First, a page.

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Our textbook starts off by addressing the most prominent stereotype of psychology: it's all just common sense. The authors argue that psychology is actually quite challenging, thank you very much, and there are many instances where our common sense will trick us. This is why pssychology is the science (keyword SCIENCE).

Next, the textbook delves into the dangers of pseudoscience and explores a list of logical fallacy, which I find entertaining because I come across so many of them in daily conversation. Some days I'll even go so far as to use a few myself. ;)

After this, Lilienfeld debriefs us on six scientific principles for ensuring that psychology remains a SCIENCE. A brief-ish history of psychology follows and leads into a discussion of psychology today - the professions, the debates, the applications.

In conclusion, Chapter 1 is a pretty typical introduction to introductory psychology.

As for a visual to support what I have written, I think this picture does a pretty quality job:
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...or maybe I just think it's way too funny.

Best blog ever.
My personality analysis of the lover of Lily Evans, the victim of the Marauders, the saver of the wizarding world, the object of my affection, and "the bravest man" Harry Potter ever knew:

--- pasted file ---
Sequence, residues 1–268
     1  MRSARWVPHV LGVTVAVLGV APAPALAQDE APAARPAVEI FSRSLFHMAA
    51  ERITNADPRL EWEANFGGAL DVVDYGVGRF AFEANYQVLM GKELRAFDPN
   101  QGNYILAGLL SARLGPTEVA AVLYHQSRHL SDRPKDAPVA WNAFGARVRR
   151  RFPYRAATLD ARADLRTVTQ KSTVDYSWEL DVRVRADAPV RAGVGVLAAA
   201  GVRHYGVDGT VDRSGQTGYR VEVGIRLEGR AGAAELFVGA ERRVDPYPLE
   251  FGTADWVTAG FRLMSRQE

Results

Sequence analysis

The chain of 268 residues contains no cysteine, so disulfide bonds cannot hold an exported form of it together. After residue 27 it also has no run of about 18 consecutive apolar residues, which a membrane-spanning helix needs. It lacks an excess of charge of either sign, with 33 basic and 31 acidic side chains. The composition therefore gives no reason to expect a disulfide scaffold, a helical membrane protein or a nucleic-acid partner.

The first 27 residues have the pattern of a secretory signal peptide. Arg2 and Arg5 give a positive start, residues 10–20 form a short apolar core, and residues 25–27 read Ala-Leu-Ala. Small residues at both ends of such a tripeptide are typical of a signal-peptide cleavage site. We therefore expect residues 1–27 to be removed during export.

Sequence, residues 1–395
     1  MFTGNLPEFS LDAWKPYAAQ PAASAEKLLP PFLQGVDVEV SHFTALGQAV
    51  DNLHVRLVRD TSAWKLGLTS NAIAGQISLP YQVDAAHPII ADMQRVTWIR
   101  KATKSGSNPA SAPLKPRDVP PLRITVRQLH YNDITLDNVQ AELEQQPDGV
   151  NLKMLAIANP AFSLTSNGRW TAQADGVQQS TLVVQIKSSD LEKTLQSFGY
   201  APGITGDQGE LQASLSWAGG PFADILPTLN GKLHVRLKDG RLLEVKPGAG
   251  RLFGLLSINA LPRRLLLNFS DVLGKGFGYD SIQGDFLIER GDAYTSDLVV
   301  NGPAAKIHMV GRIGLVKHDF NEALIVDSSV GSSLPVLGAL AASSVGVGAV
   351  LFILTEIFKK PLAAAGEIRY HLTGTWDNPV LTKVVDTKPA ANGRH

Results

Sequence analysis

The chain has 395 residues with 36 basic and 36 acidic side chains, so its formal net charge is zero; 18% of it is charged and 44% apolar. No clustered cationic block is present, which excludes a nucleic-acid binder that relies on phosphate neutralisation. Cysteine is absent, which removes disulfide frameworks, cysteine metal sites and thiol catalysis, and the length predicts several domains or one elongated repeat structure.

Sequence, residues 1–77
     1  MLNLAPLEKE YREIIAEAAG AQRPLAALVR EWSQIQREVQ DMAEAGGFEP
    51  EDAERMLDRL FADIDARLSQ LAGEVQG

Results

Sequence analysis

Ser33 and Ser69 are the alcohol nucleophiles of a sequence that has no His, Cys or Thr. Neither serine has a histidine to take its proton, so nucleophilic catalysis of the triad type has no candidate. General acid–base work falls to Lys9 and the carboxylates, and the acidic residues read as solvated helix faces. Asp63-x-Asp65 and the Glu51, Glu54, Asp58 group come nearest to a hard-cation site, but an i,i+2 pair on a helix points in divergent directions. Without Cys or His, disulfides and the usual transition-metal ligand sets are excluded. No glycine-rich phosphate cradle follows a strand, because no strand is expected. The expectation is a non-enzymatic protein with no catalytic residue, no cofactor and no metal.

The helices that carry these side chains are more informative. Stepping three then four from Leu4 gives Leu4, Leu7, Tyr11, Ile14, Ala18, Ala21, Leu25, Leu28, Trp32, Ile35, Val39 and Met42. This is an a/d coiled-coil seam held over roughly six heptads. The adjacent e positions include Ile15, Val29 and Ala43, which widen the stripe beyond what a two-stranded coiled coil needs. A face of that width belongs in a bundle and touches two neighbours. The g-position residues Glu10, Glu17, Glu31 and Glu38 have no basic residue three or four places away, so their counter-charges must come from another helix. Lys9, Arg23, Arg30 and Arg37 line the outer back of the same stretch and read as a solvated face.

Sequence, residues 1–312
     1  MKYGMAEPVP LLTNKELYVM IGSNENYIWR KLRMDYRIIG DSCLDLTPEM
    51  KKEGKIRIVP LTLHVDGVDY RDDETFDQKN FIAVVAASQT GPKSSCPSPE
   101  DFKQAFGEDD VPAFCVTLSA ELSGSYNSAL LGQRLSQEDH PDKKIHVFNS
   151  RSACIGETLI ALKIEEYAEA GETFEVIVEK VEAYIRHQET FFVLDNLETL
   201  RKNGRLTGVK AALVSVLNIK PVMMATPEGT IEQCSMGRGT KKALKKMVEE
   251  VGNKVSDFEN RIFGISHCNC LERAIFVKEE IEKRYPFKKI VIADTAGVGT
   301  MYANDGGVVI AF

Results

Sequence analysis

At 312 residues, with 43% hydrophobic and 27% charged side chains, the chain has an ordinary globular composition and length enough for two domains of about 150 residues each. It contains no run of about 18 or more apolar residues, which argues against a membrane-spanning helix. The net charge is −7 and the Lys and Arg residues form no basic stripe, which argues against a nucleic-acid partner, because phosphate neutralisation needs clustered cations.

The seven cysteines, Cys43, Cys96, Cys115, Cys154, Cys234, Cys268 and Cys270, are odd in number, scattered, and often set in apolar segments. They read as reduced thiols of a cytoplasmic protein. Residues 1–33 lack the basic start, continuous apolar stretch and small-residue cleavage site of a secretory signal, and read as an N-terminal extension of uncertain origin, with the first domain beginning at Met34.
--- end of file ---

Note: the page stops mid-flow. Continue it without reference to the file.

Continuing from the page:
Look how agreeable he looks!

Openness: At first glance slash meeting, the average human being would not describe Severus Snape as particularly "Open to New Experiences." However, by the end of The Half-Blood Prince, we readers have realized that Snape is an intellectually curious, inventive, and powerful wizard/. After all, a Closed wizard could hardly have attained a vast enough knowledge of the Dark Arts to win a duel against three Hogwarts professors; save Albus Dumbledore, Katie Bell, Draco Malfoy, and countless others' lives; and successfully pull the wool over Lord Voldemort's eyes.
Conscientiousness: If Severus Snape is anything, he is careful (aside from situations involving Harry, Sirius, or a challenge of cowardice - in those instances, reckless might be a better adjective). Only an intensely vigilant, calculating, and conscientious individual could have successfully earned and kept the trust of both the goodest and the evilest wizards in the wizarding world (AND kept his true loyalties a secret) until the very end.
Extraversion: I'm sure by now that you've sensed a very defensive pattern in this analysis. That ends here. Snape was one introverted dude.
Agreeableness: "Sociable and easy to get along with." ...BAHAHAHA. Snape, easy to get along with. That's a good one.
Neuroticism: I lied. If Severus Snape is anything, he is neurotic... though perhaps only on the outside. It's true that he's eternally depicted as tense, moody, and socially maladjusted, but there are only a handful of times in the series where Snape is beset by feelings of anxiety, compulsiveness, or obsessiveness. He would view such feelings as weaknesses and refuse to be hindered by them.

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This page is an archive of recent entries written by jiang236 in May 2012.